In the primary zone of a diffusion combustor, fuel is injected and burned. Incomplete fuel combustion occurs due to the mixture of fuel and air. A secondary zone, where additional air is added to the combustor, is required to complete full combustion of the fuel. The gas temperatures aft of the primary and secondary zones are too high for downstream turbine component health, thus a dilution zone is used to inject additional air and drop the gas temperature to an acceptable level.

Diffusion combustors offer greater flame stability over a wider range of flame temperatures and fuel compositions, including hydrogen, as compared to lean premixed systems. Because the flame burns close to the stoichiometric ratio, it is less prone to lean blowout during operation; and due to higher gas velocities, it is less likely to flashback. With more flame stability, combustion dynamics remain within acceptable limits. Currently, some diffusion combustors can burn 100% hydrogen, but elevated NOx emissions are expected and require more dilution at the fuel-injection zone.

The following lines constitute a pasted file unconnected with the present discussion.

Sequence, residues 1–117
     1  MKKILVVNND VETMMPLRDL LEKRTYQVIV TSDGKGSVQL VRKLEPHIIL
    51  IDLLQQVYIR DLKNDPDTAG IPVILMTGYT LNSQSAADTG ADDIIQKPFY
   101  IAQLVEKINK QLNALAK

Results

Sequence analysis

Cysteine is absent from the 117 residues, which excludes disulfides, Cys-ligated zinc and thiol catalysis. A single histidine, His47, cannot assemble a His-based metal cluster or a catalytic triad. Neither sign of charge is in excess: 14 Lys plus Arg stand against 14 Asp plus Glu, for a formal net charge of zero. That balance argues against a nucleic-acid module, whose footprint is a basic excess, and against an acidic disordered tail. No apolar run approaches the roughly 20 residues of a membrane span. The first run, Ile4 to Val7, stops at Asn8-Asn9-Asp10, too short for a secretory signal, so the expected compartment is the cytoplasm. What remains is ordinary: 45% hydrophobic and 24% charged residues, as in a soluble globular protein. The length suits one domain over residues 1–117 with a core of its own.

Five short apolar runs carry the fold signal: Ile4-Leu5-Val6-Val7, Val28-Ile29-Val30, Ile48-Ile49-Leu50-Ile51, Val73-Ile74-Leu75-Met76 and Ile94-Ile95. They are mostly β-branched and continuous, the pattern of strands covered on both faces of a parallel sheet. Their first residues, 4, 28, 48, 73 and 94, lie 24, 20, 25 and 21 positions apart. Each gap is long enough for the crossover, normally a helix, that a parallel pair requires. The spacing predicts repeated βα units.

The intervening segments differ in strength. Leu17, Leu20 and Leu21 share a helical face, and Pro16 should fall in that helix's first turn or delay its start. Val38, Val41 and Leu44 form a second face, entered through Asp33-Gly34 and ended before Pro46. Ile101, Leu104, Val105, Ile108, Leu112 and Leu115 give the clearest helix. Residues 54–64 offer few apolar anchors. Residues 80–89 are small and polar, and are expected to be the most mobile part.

Due to NOx challenges in diffusion combustors, many of today’s new gas turbine designs are equipped with lean premixed combustion systems: dry low emissions (DLE) and dry low NOx (DLN) combustors. “Dry” indicates that no diluents, such as steam or water, are used for emissions control. While diffusion combustors are currently more capable of burning hydrogen, the gas turbine industry recognizes that lean premixed combustors, with superior emissions control, will continue to be the dominant combustion system for new designs, even with hydrogen.

The main difference between the lean premixed and diffusion combustors is that the fuel and air are mixed prior to injection into the combustion chamber in a lean premixed system. The homogeneous mixture of air and fuel allows for a uniform and lower temperature flame, reducing NOx emissions without the use of dilution and the associated efficiency penalty. Most modern lean premixed combustors also use fuel staging with lean fuel-air ratios to help further control emissions. Lean premixed systems can look vastly different between OEMs and even turbine designs. DLE technology has been continuously evolving, as there has been a constant push for higher efficiencies and lower emissions. The wide variety of designs translates to a large range of hydrogen-burning capabilities across turbines. But today, in almost all cases, lean premixed combustors can handle lower volume percentages of hydrogen when compared to diffusion combustors.

When considering hydrogen in DLE and DLN systems, similar challenges that exist for diffusion combustors are magnified. First, hydrogen’s higher flame speed as compared to natural gas (greater than three times), and the slower moving flame center in a DLE system increases the flashback risk.